What matters most is that these stages are consistent with guided workflows and templates that can be used to create a methodology for later use. This will ensure that all projects have the same level of integrity moving forward.

2. Clear requirements and scope

Aligning on project requirements, goals‌ and scope can prevent things like scope creep. This should be finalized early on during your construction lifecycle, usually in the Concept phase. 

Real-time communication is critical to ensure that all stakeholders remain on the same page, a key part of maintaining stability in the scope. Using software that can promote and simplify collaboration can make this much more effective. 

3. Defined roles and systems

Construction teams are comprised of many stakeholders, including owners, general contractors, subcontractors, architects and engineers, material suppliers and others working together from design through closeout. With several stakeholders involved in various ways and at different times throughout the life of the project, defined roles and responsibilities are critical to ensure smooth execution. There must be a clear organizational structure for the project to hold everyone accountable for their respective duties. 

Construction project management software allows you to keep track of vendors, architects and engineers, subcontractors, specialty contractors, owners and other stakeholders working together. Tasks can be assigned and managed for better accountability and transparency.

4. Quality assurance

Quality assurance in the construction industry is heavily regulated. It involves the implementation of planned and systematic activities, such as inspections, audits‌ and reviews, to provide confidence in the quality of the output. Through these activities, organizations can ensure that their products or services meet specified standards and customer expectations. Quality assurance helps organizations improve their processes, reduce costs from rework or scrap and ultimately increase stakeholder satisfaction.

Keeping track of real-time data on construction sites can be difficult, but construction project management software can help your team to efficiently log daily activity, safety issues, inspections, deliveries and manage tasks and collaboration to prevent downtime.

5. Planned commitments

Planned commitments in construction project management provide a clear roadmap of objectives, timelines‌ and resources that need to be allocated. By establishing these commitments at the beginning of a project, construction teams can ensure they have the necessary resources and time to complete their work efficiently and effectively. 

These commitments should include:

  1. Scope and mission 
  2. Schedule: A detailed timeline for each task
  3. Budget: A financial breakdown of materials, labor, equipment, or anything needed for the project
  4. Personnel Management: This includes recruitment, bidding, selection, training‌ and delegation
  5. Evaluation and Control: This is a system to constantly evaluate the progress of a project
  6. Quality: This is the verification that everything meets performance expectations

7. Corrective action decisions

Corrective action decisions address any issues that arise during a project. This allows project managers to quickly and efficiently address any deviations from the original plan. This ultimately helps ensure the completion of projects on time and within budget.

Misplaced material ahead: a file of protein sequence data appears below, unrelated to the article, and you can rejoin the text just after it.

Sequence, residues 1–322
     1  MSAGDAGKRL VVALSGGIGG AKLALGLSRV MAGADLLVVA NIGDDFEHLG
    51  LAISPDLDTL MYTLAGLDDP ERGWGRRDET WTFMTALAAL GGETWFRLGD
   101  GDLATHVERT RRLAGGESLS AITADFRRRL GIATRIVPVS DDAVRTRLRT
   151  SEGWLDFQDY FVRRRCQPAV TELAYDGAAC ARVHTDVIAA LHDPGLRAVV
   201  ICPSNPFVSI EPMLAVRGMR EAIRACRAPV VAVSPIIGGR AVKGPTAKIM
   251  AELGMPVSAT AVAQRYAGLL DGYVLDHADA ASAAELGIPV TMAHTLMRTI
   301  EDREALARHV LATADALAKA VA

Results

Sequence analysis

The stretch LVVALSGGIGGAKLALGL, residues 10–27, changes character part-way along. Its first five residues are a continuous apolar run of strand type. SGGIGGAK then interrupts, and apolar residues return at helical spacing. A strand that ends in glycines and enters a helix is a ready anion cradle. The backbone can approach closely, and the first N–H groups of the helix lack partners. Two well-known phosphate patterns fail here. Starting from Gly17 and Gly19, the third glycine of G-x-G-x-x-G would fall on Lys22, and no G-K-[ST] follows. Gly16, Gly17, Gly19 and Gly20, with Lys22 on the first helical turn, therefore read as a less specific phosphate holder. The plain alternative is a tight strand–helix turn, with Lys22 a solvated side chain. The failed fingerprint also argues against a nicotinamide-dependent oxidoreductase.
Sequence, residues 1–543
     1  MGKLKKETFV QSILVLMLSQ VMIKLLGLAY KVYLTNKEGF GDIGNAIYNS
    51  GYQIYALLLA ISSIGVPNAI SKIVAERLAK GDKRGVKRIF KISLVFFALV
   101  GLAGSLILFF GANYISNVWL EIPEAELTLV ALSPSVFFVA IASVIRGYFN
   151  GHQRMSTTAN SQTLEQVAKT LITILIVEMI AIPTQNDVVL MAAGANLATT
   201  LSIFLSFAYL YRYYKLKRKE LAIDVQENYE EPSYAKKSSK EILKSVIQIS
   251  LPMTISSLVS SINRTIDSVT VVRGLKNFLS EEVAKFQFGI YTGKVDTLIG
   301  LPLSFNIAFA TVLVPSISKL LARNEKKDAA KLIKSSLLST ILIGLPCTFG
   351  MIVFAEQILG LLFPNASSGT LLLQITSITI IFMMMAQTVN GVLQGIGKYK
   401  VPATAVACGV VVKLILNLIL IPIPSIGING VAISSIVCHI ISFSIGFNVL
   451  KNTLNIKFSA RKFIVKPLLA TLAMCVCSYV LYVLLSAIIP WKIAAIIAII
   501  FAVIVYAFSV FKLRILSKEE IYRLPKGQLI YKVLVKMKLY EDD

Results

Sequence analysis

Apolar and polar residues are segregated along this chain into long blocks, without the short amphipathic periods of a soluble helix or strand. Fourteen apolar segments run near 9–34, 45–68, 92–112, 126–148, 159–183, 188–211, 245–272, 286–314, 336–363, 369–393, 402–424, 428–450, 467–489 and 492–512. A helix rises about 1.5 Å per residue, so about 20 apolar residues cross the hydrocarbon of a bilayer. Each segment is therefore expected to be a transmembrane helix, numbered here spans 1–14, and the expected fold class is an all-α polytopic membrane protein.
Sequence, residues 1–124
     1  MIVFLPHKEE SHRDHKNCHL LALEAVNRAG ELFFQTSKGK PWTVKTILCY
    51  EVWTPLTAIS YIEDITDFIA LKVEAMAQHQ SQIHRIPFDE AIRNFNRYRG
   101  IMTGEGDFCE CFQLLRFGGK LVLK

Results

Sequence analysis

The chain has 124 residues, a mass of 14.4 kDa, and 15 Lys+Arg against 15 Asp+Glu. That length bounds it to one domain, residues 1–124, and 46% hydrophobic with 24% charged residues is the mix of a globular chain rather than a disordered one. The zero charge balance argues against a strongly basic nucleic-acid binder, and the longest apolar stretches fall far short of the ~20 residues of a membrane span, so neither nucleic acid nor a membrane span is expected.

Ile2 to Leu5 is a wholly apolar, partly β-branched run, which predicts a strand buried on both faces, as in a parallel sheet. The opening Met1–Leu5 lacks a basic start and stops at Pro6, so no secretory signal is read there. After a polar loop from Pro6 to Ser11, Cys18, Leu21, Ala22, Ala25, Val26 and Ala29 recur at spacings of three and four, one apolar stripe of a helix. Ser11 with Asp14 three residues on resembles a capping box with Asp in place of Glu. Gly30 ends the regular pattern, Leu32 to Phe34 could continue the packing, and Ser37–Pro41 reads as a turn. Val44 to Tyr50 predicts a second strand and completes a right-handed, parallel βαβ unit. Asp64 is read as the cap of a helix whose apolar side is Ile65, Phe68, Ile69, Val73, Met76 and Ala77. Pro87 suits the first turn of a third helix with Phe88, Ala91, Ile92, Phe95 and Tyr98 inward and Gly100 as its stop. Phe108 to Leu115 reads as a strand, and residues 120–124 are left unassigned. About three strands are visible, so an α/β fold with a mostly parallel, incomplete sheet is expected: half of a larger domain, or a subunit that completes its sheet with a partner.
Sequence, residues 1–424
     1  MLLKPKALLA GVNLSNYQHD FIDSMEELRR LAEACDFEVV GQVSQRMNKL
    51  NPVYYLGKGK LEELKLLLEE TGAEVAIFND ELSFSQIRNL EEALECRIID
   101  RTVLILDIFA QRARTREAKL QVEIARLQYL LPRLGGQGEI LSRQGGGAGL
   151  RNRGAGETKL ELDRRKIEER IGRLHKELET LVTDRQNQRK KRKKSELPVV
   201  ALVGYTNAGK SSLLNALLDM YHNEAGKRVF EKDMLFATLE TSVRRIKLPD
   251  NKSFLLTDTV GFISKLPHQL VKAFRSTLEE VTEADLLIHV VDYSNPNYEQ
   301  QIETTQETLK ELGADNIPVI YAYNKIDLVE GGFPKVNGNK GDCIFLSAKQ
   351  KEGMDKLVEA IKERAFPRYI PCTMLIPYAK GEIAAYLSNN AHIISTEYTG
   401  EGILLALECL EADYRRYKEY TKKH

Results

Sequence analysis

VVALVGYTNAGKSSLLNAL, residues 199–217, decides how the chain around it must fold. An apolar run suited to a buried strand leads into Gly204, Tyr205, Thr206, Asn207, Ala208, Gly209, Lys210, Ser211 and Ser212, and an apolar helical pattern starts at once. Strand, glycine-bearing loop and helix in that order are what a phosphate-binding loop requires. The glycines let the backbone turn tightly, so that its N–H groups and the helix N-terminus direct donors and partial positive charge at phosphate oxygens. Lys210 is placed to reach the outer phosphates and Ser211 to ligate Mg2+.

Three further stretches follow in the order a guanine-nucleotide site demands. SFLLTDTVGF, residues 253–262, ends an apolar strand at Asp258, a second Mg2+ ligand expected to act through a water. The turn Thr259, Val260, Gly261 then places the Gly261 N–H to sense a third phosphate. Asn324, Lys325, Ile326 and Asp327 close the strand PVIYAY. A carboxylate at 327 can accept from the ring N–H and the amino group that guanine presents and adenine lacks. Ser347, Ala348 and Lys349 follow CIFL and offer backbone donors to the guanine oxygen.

Project managers will likely need to adjust resources, schedules, budgets and project plans. Easy access to documents, plans and specifications, budgets, schedules and task management can help make all of these adjustments quicker and easier to complete and share with impacted stakeholders.

8. Escalation and issue management

Construction project management often requires escalation and issue management to handle conflicts or problems. This includes presenting the challenge to other stakeholders if it can’t be solved within the present setup. 

 Requests for Information (RFIs) can be used to clarify project specifications, plans, design conflicts and other incomplete or inconsistent information. 

Issue management keeps things moving, promotes effective communication and minimizes any risks. It’s a process of addressing concerns and finding suitable solutions for them. Punch lists can address urgent tasks that need to be completed so other scheduled work can move forward or before the construction project is finalized and turned over to the owner.

Open communication and a documented risk management plan will help everyone understand how to proceed with contingency plans should an issue arise. Your construction project management software should remove bottlenecks that may occur when working with different departments and stakeholders to approve budgets, resources, tasks and vendor payments, to name a few.

9. Work authorization and change order management

Construction project management software should allow you to track and manage changes to the project scope, schedule‌ and resources to ensure that the project remains on track and within budget. It should provide a way to document owner changes to the project and track subcontract changes associated with those to keep everyone accountable and to mitigate risk. 

Change management is a system for evaluating, approving‌ and executing changes to minimize disruptions to a project’s timeline, budget and objectives. An effective change management system that can document change orders, issues and punch lists makes it easier for everyone to understand what needs to be done and when.

Successful implementation of effective project management practices

The solution for effective construction project management is having a reliable technology partner. RedTeam Go gives you the agility and flexibility of having access to all of your project documents, financials and project progress from anywhere in the world. Real-time data about your construction project can be viewed, shared‌ and collaborated on for smooth operation.